Going home after having a spinal or epidural
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This website provides some important information for women who have had an epidural or spinal procedure on our delivery suite.
The anaesthetic team always aims to review you before you are sent home to make sure that you have recovered from your spinal or epidural. Sometimes you can be discharged before we can see you.
Although it is extremely rare, it is possible to have complications from your spinal or epidural. Severe problems can be avoided if we can detect them early. The problems are likely to be detected whilst you are still in hospital but very occasionally they can appear when you are at home up to six weeks later.
The information below will help you to identify some symptoms which may have been caused by your spinal or epidural and how to contact us.
Contact us if your headache:
- Limits your ability to look after yourself or your baby.
- Does not go away after you have rested, drunk fluids and taken mild pain killers such as paracetamol.
- Gets worse while you are sitting or standing but feels better when you are lying down.
- Comes with other symptoms like neck stiffness or hearing changes (such as ringing or a blocked sensation) or a dislike of bright lights.
- Is associated with any other symptom listed below.
Low back pain is very common after having a baby. Contact us if you have severe back pain near the site of your epidural or spinal injection and:
- The pain is getting worse and is not settled with simple pain killers or adjusting your position.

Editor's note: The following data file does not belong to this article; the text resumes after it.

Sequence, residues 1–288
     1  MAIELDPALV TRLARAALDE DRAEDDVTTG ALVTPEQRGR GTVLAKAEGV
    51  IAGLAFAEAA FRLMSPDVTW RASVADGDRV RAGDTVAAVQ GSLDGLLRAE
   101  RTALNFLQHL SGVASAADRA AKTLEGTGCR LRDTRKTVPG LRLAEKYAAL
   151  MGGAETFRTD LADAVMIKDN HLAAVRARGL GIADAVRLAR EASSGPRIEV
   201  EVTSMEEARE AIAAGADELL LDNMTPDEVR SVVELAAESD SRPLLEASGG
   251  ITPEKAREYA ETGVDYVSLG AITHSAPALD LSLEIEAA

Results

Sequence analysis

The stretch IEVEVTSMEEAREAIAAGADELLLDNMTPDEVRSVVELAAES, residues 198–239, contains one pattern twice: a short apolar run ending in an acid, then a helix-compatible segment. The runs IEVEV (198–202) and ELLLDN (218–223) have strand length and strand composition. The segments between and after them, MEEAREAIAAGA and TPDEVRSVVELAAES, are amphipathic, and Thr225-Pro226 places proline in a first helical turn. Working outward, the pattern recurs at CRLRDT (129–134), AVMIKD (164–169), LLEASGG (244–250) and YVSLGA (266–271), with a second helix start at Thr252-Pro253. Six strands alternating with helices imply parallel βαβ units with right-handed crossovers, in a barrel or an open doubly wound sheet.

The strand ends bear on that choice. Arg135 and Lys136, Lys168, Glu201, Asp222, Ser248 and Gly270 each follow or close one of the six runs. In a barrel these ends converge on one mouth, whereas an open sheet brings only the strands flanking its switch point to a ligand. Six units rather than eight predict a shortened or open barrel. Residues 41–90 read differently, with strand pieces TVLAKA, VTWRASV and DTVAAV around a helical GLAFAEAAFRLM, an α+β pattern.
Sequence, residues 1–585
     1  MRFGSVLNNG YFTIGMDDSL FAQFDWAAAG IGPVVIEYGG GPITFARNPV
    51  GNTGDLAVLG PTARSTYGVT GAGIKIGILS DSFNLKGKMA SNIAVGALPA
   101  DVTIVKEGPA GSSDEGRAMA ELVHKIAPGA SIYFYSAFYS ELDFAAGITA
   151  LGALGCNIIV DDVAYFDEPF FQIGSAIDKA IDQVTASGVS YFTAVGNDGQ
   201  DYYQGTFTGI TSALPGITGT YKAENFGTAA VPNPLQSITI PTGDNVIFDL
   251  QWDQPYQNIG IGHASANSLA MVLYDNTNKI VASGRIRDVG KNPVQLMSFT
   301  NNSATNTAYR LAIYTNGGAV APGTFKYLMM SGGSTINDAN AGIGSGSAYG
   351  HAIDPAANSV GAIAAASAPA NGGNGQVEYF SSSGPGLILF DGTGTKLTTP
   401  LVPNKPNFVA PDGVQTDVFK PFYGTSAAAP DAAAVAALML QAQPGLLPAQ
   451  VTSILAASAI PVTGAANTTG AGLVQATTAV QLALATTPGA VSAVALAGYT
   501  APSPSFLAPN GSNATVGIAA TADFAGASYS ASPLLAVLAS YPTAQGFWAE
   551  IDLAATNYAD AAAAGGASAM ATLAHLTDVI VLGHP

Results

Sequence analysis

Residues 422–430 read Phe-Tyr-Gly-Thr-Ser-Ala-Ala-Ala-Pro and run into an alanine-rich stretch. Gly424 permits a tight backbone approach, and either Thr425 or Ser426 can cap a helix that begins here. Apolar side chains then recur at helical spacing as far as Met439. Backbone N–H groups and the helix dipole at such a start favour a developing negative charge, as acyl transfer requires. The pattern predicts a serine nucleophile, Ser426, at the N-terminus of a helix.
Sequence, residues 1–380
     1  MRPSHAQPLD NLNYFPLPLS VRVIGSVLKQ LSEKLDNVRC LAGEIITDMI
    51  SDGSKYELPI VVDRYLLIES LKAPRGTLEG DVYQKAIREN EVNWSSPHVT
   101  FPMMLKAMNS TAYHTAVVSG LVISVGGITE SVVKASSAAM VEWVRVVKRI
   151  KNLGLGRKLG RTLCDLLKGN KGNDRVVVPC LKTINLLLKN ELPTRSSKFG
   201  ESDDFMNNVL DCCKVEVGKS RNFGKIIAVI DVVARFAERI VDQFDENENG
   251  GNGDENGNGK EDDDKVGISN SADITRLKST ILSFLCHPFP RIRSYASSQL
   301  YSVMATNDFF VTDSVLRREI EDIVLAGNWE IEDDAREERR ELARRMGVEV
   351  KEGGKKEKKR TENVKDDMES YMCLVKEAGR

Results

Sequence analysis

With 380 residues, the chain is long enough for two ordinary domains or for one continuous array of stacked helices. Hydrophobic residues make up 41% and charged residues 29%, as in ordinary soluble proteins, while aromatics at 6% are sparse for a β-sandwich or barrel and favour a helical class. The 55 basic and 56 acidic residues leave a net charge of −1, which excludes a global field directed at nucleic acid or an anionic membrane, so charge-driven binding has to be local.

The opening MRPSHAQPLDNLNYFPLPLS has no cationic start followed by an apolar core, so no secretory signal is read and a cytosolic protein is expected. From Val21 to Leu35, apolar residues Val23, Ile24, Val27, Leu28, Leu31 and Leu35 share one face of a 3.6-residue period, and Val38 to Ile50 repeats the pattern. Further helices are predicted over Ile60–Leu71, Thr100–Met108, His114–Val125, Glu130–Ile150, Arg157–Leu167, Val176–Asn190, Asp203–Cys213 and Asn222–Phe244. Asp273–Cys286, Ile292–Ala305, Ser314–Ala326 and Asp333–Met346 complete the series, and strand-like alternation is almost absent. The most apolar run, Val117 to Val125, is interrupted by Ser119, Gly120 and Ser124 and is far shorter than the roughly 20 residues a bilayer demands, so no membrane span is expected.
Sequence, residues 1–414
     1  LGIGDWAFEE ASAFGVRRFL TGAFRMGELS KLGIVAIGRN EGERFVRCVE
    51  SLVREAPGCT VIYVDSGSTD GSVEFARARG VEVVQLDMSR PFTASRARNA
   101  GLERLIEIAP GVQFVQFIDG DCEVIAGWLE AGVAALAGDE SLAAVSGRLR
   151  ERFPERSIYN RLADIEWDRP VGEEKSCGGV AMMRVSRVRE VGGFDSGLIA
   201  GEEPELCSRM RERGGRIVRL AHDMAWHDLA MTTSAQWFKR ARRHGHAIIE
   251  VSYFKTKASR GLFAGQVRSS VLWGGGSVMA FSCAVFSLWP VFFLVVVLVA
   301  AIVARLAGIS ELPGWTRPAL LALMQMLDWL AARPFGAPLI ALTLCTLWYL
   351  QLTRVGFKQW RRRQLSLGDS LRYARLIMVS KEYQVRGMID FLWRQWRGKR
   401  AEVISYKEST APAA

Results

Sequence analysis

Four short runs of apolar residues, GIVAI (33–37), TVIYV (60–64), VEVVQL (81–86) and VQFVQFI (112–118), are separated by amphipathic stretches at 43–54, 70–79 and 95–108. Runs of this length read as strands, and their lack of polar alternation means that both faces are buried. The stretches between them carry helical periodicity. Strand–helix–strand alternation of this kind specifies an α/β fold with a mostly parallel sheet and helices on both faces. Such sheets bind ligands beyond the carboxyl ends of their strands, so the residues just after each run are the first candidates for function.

- The pain travels up the spine or down into the buttocks and legs.
- If the back feels hot or the area is red or oozing.
- You have a temperature and are feeling unwell.
- You lose control of your bladder or bowels.
- You have any changed sensation in the lower body as listed below.
Changed sensation in lower body
Nerve damage after childbirth can occur in up to 1 in 100 women and is usually caused by pressure in the nerves in your pelvis during labour or delivery. This can cause an altered sensation in your buttocks or legs.
Nerve damage caused by a spinal or epidural is very rare. Contact us if you feel any changes in your buttock or legs such as:
- Difficulty walking or weakness in the legs
- Pins and needles.
Also see our information leaflet on nerve damage after childbirth.
If you have any concerns, you can ask your midwife to contact the obstetric anaesthetist on duty before you go home.
If you are at home:
- Contact labour ward directly on 020 8767 4654 and ask to speak to the duty anaesthetist.
- Call St George’s Hospital on 020 8672 1255 and enter bleep number 6392 at the voice prompt to speak to the anaesthetist.
The website Labourpains is a public information website with patient information leaflets. You can view the “Headache after spinal or epidural procedure?” leaflet. This leaflet is also translated into other languages.
Click here to return to our main page.
Reproduced with permission from the Royal women’s Hospital, Melbourne Australia March 2021
For translations please refer to the Royal Women’s Hospital Website “Going home after an epidural/spinal.”
Please note this will direct you to a different hospital. Contact numbers for St George’s Hospital appear on this site.